A bacteria called Staphylococcus aureus, a type of staph bacteria, causes osteomyelitis. Certain chronic conditions like diabetes may increase your risk for osteomyelitis.A sample of medical records was reviewed to assess the specificity of the VO case definition. In 2002-2003, 1977 and 2036 hospital stays corresponding to 1422 and 1425 patients (median age 59 years, male:female ratio 1.5) were classified as definite (64%), probable (24%) and possible (12%) VO. The overall incidence of VO was 2.4/100,000. Incidence increased with age: 0.3/100,000 (70 years).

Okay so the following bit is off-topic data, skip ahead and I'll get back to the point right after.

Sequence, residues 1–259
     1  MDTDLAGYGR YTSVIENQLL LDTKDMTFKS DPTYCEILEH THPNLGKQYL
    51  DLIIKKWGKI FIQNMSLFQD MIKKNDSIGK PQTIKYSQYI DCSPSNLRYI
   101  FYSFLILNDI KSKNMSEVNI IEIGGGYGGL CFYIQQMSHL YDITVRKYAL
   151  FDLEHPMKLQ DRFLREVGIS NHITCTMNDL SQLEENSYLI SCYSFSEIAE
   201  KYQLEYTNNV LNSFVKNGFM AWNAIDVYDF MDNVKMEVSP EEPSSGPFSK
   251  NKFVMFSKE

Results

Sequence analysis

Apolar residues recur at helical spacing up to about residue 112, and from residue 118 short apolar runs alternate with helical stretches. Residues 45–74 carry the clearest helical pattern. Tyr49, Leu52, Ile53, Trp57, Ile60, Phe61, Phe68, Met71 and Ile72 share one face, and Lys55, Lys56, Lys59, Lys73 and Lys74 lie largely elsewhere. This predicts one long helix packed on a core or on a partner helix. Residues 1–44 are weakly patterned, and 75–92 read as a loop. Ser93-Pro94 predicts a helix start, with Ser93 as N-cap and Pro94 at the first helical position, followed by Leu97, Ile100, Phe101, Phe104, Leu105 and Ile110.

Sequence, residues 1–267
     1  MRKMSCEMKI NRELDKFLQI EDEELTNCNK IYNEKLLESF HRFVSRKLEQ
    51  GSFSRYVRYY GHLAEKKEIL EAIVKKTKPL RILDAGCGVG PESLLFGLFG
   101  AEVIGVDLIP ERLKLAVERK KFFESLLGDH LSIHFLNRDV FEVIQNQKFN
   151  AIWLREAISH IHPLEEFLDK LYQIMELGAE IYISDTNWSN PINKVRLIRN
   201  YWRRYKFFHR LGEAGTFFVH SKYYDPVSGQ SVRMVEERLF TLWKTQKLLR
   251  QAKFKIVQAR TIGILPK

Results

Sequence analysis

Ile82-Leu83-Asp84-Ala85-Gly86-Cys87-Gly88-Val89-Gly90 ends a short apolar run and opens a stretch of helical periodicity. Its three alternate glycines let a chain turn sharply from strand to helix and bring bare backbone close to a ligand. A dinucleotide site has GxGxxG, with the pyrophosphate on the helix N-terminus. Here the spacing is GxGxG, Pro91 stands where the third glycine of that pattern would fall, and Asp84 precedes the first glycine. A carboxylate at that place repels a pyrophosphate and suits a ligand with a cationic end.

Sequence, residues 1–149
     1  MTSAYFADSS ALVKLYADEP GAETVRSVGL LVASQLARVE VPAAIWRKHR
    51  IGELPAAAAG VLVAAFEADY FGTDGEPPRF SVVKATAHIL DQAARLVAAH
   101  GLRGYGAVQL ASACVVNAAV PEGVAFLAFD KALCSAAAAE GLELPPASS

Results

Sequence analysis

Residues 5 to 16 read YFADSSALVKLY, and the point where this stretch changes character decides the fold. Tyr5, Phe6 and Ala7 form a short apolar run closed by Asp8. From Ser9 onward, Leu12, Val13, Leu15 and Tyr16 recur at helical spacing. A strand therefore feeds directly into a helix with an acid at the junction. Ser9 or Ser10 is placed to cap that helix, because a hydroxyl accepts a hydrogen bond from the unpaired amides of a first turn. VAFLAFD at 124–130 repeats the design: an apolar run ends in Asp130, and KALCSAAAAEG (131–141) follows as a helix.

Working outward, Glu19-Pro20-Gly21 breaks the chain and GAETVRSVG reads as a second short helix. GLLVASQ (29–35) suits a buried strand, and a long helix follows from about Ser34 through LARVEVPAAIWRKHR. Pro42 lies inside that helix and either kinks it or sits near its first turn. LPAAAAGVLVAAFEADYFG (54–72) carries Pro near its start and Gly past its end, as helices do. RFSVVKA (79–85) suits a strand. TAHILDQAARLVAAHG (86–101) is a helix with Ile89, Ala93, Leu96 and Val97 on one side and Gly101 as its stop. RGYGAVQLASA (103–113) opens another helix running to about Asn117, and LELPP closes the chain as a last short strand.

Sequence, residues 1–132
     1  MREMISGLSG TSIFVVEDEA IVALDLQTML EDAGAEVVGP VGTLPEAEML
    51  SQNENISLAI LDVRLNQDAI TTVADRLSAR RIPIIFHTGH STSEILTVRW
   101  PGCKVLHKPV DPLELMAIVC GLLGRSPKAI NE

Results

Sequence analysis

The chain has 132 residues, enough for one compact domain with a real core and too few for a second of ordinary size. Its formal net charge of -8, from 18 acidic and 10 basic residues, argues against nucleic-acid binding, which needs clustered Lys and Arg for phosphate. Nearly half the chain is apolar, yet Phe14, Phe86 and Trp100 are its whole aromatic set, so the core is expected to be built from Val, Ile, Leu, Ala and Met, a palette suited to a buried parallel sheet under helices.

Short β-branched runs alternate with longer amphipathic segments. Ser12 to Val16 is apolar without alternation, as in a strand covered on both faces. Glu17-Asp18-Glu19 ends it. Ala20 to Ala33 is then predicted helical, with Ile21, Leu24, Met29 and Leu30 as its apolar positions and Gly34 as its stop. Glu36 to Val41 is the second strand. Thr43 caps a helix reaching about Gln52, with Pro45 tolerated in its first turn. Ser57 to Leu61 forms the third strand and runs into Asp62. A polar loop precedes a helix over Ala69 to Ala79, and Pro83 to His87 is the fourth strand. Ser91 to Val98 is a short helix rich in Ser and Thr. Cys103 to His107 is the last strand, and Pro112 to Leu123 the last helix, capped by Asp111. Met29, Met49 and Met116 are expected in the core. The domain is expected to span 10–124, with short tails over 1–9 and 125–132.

The main infectious agents reported were Staphylococcus spp. (38%) and Mycobacterium tuberculosis (31%). The most frequent comorbidities were septicaemia (27%) and endocarditis (9%). Three percent of patients died. A review of 90 medical records confirmed the diagnosis of VO in 94% of cases. Using a hospital database and a specific case definition, nationwide surveillance of VO is possible. chronic osteomyelitis arising from a contiguous soft-tissue focus, particularly in patients with diabetes, empiric treatment must be effective against anaerobic organisms in addition to gram-positive and gram-negative aerobes. Ampicillin/sulbactam 3 g IV q 6 h or piperacillin/tazobactam 3.375 g IV q 6 h is commonly used; vancomycin 1 g IV q 12 h is added when infection is severe or MRSA is prevalent. Antibiotics must be given parenterally for 4 to 8 wk and tailored to results of appropriate cultures.